|Publication number||US20070130427 A1|
|Application number||US 11/280,428|
|Publication date||Jun 7, 2007|
|Filing date||Nov 17, 2005|
|Priority date||Nov 17, 2005|
|Also published as||US8161549, US8869278, US20120180130, US20150058989, WO2007056841A1|
|Publication number||11280428, 280428, US 2007/0130427 A1, US 2007/130427 A1, US 20070130427 A1, US 20070130427A1, US 2007130427 A1, US 2007130427A1, US-A1-20070130427, US-A1-2007130427, US2007/0130427A1, US2007/130427A1, US20070130427 A1, US20070130427A1, US2007130427 A1, US2007130427A1|
|Inventors||Patrik Lahti, Michael Aalders|
|Original Assignee||Nortel Networks Limited|
|Export Citation||BiBTeX, EndNote, RefMan|
|Patent Citations (3), Referenced by (18), Classifications (11), Legal Events (5)|
|External Links: USPTO, USPTO Assignment, Espacenet|
This is the first application filed for the present invention.
The present invention relates in general to packet networks having nodes implementing Internet Protocol Version 6 (IPv6) and, in particular, to defenses against denial-of-service attacks against IPv6 nodes.
A denial-of-service (DoS) attack is a cyber-assault against a computer, server, network node, LAN or other networked entity that seeks to limit or prevent access to the Internet by overwhelming it with an unmanageable flood of requests (e.g. for a webpage or online resource) or emails (causing the email system to overload). A potentially more pernicious variant of this attack is a distributed denial-of-service (DDoS) attack, where the attacker infects a multitude of computers on the Internet (using for example a worm, virus or Trojan) and then directs this illicitly recruited army of computers to bombard the target with data packets.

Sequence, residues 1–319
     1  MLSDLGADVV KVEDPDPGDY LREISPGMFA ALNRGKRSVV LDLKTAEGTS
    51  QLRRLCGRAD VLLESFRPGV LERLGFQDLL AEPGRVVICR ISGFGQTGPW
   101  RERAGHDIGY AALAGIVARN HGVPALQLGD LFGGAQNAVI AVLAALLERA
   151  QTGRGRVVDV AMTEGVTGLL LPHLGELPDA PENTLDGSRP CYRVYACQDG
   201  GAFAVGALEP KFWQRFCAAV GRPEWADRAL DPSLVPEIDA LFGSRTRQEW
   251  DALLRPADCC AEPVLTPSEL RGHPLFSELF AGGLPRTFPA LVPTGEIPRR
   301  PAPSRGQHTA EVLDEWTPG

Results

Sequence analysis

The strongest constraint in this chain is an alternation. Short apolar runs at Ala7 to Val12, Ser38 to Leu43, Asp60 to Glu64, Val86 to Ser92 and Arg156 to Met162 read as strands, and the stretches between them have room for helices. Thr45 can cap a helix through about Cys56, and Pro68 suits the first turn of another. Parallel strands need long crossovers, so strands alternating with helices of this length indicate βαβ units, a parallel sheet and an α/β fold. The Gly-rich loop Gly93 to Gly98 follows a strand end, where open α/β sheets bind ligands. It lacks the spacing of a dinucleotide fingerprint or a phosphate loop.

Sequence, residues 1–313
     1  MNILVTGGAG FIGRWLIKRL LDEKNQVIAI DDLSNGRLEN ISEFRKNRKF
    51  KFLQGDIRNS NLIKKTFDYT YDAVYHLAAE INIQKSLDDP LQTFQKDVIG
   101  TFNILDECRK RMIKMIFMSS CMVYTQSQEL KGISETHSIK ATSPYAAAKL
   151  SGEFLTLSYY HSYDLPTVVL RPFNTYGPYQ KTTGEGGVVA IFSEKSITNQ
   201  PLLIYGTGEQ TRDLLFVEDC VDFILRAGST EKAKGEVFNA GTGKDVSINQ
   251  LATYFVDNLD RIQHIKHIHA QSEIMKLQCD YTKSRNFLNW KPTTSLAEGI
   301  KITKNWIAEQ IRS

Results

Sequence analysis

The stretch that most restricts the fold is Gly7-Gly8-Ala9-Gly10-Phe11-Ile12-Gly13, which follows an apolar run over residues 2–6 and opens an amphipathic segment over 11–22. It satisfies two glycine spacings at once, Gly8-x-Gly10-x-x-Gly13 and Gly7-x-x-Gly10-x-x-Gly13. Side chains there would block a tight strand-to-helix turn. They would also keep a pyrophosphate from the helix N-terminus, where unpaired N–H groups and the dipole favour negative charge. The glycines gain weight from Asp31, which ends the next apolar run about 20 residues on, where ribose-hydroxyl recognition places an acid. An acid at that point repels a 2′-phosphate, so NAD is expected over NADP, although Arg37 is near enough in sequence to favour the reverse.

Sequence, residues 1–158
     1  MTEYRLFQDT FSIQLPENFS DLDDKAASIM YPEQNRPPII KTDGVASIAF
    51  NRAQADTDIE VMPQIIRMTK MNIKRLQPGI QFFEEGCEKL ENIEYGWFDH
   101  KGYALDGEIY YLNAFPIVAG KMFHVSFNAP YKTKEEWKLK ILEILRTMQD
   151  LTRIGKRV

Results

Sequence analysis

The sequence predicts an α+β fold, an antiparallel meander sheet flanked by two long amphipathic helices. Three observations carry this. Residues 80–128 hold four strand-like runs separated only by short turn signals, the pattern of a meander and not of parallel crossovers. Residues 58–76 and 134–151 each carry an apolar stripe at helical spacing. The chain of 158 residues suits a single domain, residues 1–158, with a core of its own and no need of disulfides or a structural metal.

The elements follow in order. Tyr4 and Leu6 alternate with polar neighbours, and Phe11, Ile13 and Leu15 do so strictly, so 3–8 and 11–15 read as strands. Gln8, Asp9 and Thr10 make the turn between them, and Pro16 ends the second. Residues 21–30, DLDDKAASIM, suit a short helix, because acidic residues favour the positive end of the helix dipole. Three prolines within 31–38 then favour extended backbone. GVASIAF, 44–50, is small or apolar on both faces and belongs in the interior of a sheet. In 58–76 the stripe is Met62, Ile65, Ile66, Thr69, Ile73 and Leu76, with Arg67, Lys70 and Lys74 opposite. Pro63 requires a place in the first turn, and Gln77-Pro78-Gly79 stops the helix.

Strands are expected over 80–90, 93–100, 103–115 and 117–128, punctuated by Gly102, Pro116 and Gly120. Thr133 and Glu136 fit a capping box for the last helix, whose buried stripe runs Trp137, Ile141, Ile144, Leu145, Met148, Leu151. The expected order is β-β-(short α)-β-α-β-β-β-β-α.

A denial-of-service attack (“DoS attack”) against a IPv6 network node can exploit the IPv6 neighbor cache and its state machine by exhausting the cache's available resources. IPv6 is particular vulnerable because of the large number of potential entries in the neighbor cache and because the neighbor unreachability state machine is much more complex than the IPv4 ARP (Address Resolution Protocol).
As is known in the art, a common problem for Layer 3 (network) packet protocols is to translate a Layer 3 (L3) address into a Layer 2 (L2) address in order to send packets to neighboring nodes on a multiple-access network (e.g. an Ethernet LAN). For the sake of completeness, it is recalled that seven layers are defined by the Open System Interconnection (OSI) model, namely Layer 1 (the physical layer), Layer 2 (the “media” layer or data link layer), Layer 3 (the network layer), Layer 4 (the transport layer), Layer 5 (the session layer), Layer 6 (the presentation layer), and Layer 7 (the application layer). The present invention is concerned with mapping between L3 and L2.